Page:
A group of TWU trained Health and Safety Reps (HSRs), working in FedEx depots across the Sydney Basin have been in dispute with the company over the “constitution” for two years.
Finally a win, TWU HSRs called in the Regulator, Comcare. Comcare has now provided an adjudication ruling that FedEx management must include a clause in their so called “constitution” that points out FedEx responsibility for compliance with WHS legislation. Such compliance includes support for HSRs exercising their powers under the WHS Act.
The constitution that FedEx put forward eroded the rights, powers and functions of HSRs in the workplace.
FedEx is a global company, operating from their Memphis Headquarters in the USA. They told managers at the NSW division of FedEx that they would be enforcing policies set globally when it came to Work Health and Safety.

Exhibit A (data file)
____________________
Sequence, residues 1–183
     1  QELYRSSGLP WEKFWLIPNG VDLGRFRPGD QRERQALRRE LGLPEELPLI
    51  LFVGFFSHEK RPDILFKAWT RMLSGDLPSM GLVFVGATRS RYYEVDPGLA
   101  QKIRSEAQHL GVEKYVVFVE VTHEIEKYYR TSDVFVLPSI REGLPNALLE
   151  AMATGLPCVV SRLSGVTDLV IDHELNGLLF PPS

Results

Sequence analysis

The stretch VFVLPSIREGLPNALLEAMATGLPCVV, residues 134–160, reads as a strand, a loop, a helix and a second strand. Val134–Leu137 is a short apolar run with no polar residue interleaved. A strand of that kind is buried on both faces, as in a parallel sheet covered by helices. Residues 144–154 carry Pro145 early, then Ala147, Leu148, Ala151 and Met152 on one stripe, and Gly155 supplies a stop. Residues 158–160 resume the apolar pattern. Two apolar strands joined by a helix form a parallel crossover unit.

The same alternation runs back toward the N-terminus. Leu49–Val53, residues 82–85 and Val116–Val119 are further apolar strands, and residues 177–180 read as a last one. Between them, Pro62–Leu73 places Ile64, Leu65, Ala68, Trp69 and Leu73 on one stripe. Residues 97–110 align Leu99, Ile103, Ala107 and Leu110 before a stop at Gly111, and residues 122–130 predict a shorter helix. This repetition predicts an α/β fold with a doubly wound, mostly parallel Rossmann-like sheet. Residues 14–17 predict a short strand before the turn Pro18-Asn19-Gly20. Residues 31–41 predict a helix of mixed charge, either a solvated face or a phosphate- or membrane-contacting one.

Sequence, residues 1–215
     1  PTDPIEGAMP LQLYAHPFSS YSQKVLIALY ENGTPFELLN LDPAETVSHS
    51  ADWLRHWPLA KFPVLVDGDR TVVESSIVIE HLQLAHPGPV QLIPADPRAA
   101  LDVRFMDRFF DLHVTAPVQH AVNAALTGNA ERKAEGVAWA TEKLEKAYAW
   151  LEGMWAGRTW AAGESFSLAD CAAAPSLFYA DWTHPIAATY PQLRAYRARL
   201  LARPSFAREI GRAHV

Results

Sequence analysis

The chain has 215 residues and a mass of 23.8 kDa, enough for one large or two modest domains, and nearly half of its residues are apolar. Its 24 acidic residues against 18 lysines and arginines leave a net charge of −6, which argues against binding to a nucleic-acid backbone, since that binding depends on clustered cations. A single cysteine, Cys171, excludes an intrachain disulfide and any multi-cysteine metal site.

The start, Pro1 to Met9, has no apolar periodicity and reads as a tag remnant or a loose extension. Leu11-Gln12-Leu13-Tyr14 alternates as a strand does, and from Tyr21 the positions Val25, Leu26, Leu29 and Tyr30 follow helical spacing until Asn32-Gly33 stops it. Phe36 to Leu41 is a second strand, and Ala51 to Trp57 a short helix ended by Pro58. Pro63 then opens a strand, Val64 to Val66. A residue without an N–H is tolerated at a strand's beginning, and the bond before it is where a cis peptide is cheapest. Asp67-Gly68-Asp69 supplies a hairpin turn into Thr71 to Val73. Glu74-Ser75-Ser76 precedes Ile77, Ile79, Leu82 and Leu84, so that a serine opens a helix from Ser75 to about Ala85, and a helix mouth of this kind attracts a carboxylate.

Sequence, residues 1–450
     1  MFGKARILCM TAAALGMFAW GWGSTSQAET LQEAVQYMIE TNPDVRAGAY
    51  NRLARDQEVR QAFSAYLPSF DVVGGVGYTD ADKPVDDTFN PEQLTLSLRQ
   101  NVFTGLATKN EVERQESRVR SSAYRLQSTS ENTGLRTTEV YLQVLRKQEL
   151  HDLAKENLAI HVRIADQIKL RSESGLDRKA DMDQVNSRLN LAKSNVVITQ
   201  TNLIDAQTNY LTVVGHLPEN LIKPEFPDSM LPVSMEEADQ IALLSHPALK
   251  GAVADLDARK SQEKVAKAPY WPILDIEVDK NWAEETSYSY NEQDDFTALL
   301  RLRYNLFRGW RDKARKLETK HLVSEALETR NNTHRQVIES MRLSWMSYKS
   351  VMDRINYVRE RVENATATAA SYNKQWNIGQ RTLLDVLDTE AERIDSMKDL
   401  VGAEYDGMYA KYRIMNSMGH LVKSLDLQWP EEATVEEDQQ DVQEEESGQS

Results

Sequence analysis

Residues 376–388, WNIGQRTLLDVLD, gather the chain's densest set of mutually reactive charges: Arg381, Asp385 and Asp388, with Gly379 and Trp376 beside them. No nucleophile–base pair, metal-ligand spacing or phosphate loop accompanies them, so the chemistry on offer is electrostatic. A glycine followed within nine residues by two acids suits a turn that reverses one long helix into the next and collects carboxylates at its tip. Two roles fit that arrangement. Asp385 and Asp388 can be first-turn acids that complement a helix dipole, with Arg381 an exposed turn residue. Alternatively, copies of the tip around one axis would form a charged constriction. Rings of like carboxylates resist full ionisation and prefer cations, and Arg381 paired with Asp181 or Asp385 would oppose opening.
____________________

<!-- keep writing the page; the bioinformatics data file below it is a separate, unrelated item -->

One of the most concerning parts of this story is that multiple Australian managers dealt with this issue and still did not know what was required of them under Australian workplace safety laws.
FedEx also did not consult with workers, as they should have under the WHS Act. FedEx it seems is clearly confused, trying to bring in ideas that are designed for American yards and American legislation.
Under the WHS Act in NSW, any changes that may impact the health and safety of workers must be subject to consultation with workers. When the lack of worker consultation became apparent, FedEx HSRs contested the FedEx “constitution”. HSRs were concerned at the agenda set by FedEx in their “constitution” on how the WHS act that would be interpreted at FedEx sites.
Everyday TWU trained HSRs exercise their legislatively protected power to ensure safety for transport workers. It is vital that workplace health and safety representatives have the full backing of their unions, the law and the regulator to ensure workers get the protections they need.